Jane Eyre, the latest version of which arrived at the Curzon on Friday, has been adapted for the screen about 30 times in numerous languages over the years, and it was only while watching it on Saturday afternoon that I realised I’ve never seen it.
I knew I’d never read it – to be honest, it’s the sort of literary classic that, if I wasn’t taught it on the syllabus at school, I was never going to seek out for my own pleasure – but assumed that I must have seen one of the many TV adaptations at least. I know it’s the one with Mr Rochester in it, but that, it seems, is the kind of information that seeps in by osmosis. I know this: I didn’t recognise the plot as it unfolded in Cary Fukunaga’s adaptation.
This also means I can’t compare it to, say, the famous 1940s version with Orson Welles as Rochester, or the more recent Franco Zeffirelli one, with William Hurt as Rochester and Charlotte Gainsbourg and Anna Pacquin as Jane. Nor even the most recent BBC one, with Ruth Wilson and Toby Stephenson. Where have I been? I’m a sucker of costume dramas of this type. I thought I’d collected ’em all. I mean, I’ve seen Sense & Sensibility in more than one incarnation, and Pride & Prejudice more than that. Likewise, Vanity Fair, North and South, Wives and Daughters, Sons and Lovers, Cranford, Madame Bovary, Middlemarch, Mansfield Park, Northanger Abbey, Bleak House, Little Dorrit, Great Expectations … I’ve seen Daniel Deronda and The Way We Live Now, and every Hardy in the library. But never Jane Eyre. Weird. (I’ve even seen the BBC’s 2006 adaptation of The Wide Sargasso Sea by Jean Rhys, the prequel!)
So, this is the best Jane Eyre I’ve ever seen. Put that on the poster!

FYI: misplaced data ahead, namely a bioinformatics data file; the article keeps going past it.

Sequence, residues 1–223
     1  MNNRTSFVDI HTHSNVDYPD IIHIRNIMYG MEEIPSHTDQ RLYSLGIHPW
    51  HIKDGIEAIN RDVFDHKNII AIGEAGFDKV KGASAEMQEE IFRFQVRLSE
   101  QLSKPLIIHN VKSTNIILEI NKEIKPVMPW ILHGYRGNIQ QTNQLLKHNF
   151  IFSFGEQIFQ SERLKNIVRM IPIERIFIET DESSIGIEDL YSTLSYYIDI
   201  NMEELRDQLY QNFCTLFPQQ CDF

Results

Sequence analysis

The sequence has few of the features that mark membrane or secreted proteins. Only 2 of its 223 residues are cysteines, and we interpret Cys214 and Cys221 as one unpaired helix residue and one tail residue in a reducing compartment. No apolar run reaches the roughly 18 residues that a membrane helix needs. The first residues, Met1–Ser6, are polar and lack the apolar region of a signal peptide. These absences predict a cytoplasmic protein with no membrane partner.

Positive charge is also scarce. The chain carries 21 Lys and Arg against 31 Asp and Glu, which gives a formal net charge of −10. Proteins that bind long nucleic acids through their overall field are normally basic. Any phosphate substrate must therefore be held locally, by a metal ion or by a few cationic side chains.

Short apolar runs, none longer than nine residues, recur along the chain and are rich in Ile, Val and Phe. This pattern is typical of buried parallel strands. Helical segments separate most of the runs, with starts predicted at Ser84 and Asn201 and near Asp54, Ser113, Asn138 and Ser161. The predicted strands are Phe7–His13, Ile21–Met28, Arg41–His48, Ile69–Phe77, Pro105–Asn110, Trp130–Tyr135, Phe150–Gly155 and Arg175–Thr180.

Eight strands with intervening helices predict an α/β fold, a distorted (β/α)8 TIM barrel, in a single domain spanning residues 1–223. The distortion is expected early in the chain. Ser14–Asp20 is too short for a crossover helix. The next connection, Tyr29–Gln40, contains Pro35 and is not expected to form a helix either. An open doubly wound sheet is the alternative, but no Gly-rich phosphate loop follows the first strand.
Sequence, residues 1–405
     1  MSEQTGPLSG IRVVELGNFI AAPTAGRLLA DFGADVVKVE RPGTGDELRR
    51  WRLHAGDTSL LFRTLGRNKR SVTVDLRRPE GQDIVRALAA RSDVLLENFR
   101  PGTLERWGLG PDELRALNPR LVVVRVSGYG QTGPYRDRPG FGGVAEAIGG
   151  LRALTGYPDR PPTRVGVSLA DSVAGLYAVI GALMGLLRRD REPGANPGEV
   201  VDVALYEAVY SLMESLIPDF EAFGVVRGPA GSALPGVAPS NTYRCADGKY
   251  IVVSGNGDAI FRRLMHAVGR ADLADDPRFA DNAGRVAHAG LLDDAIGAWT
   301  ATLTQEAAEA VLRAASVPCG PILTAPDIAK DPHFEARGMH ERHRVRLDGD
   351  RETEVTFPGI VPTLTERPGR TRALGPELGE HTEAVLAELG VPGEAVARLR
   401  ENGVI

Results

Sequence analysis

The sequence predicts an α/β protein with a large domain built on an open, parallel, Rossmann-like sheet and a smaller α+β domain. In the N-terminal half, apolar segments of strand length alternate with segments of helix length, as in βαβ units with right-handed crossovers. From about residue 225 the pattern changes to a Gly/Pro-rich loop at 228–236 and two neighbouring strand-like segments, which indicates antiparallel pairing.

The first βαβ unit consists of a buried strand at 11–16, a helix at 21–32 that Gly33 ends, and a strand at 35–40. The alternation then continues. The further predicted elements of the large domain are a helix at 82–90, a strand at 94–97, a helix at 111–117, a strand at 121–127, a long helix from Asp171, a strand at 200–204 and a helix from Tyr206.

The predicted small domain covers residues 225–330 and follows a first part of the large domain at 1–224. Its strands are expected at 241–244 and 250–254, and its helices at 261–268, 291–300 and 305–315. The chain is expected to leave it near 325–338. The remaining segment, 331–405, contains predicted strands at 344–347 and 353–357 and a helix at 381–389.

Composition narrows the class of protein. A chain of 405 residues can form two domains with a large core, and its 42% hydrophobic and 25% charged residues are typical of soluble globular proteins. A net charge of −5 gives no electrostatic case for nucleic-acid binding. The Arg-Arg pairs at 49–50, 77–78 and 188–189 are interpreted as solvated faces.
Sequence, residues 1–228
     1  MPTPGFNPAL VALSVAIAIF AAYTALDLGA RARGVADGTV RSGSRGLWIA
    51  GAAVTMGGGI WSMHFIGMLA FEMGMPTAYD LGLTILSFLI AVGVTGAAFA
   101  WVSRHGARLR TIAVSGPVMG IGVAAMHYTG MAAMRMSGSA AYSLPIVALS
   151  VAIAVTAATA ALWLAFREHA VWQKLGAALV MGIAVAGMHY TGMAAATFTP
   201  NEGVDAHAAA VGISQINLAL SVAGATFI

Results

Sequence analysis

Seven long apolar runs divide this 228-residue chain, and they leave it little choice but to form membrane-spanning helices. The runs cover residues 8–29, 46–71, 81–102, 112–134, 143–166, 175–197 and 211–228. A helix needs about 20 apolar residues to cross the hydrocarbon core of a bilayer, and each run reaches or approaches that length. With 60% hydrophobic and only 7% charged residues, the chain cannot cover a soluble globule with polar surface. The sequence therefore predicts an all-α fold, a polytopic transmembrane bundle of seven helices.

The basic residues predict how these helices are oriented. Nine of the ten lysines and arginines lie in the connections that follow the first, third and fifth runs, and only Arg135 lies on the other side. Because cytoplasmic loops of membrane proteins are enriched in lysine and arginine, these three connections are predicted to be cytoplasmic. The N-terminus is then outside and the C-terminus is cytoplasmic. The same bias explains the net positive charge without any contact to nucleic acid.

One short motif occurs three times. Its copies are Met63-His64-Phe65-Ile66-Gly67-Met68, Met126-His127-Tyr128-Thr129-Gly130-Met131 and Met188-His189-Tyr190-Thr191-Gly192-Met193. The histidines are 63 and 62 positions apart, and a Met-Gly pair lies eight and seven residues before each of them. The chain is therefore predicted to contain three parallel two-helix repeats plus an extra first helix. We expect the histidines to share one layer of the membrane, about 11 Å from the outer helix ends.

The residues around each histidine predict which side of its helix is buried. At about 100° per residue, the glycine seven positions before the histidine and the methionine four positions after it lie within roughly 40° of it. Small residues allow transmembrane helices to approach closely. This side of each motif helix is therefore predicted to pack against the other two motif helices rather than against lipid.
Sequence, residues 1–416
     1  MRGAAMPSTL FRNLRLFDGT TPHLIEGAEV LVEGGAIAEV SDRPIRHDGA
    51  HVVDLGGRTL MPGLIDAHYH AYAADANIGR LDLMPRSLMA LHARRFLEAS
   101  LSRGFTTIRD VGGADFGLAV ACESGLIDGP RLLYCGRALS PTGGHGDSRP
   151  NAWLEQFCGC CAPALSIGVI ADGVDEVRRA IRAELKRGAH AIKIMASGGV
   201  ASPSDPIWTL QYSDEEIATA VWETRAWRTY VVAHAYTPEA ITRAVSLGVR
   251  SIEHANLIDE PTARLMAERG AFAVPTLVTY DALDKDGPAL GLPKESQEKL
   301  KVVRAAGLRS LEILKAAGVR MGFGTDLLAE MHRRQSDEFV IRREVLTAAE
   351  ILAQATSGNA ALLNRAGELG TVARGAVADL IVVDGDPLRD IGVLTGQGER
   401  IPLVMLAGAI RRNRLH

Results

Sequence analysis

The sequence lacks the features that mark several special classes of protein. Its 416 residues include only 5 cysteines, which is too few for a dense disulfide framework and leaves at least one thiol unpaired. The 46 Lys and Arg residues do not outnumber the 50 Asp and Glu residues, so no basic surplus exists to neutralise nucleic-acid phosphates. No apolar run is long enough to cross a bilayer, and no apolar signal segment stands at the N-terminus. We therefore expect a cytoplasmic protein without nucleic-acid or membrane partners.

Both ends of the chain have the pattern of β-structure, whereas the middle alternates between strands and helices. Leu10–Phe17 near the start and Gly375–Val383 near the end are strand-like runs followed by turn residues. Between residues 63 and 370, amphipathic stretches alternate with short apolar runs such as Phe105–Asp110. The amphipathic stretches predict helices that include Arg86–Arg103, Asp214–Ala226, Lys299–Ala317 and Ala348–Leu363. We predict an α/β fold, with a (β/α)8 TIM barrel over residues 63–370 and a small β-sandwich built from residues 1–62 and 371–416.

Actually, I can compare it to the other bonnet-based costume dramas I’ve seen. And it compares well. Mia Wasikowska – previously Alice in Alice In Wonderland – made a pale and windswept but striking and deep Jane, and for an Aussie, her Yorkshire accent was a hell of a lot more convincing than the American Anne Hathaway’s, to pluck a recent example. I’m already a big fan of Michael Fassbender, whose Killarney accent did come through a bit in his Rochester, but he was otherwise strong, moody and unknowable (which is a good thing, as he’s the man with the secret). I must admit I’m a bit bored of Judi Dench being automatically cast as the mousey/formidable old maid in these things, but enjoyed Jamie Bell coming of age with his whiskers, and Simon McBurney is an actor who I’m only just starting to spot and identify, but he was a scene-stealer as the sadistic Mr Blocklehurst.
Lit flicks like this rely on suitable casting, and a too-modern-looking face can be their undoing, such as – to my mind, and through not fault of her own – Charity Wakefield’s in the BBC Sense and Sensibility. (It feels churlish and unfair to use this yardstick, but it’s amazing how much an inexplicably modern face can break the spell.) As such, Eyre was well populated – Jane’s two “sisters” particularly good in smaller parts: The Borgias’ Holliday Grainger, and The Tudors’ Tamzin Merchant. Odd to see Imogen Poots in a small role, too, having just recently seen her play a convincing American in the stupid Fright Night, but it takes all sorts.
Shot in Yorkshire, it looked the part, and was as torrid and buttoned-up as it ought to have been, with Jane’s indomitable spirit released in just the right amount and at just the right junctures. I wonder if the novel’s big “moments” weren’t slightly thrown away, as if Fukunaga didn’t want to be too obvious – the camera pulls back from the first kiss, and the big revelation upon which the story hinges didn’t quite provide the Gothic punch it promised (also, I didn’t make the link between the first fire and this seismic reveal, which ought to have been more explicit, I feel – you’ll know what I’m talking about if you’re already a student of Brontë).
Overall, a decent bash. And one thing I will say, the sound design was exquisite. You really got a sense of the sound of the resonant old houses with their stone floors that our characters are forced to rattle around in. As with Joe Wright’s Pride & Prejudice, modern technology didn’t interfere, but it provided a new layer of realism, and took us back to the period. Gorgeous music by Dario Marianelli, too (it was his score for Pride & Prejudice, and for Atonement).
I wonder if we shall ever tire of these literary classics being re-made and remodelled? I have a big appetite for them and say: bring on the bustles and bodices. And Keira Knightley’s just signed up for Wright’s Anna Karenina (having already essayed Lara Antipova and Elizabeth Bennett), so, in the words of her boyfriend’s band The Klaxons, it’s not over, not over, not over, not over yet.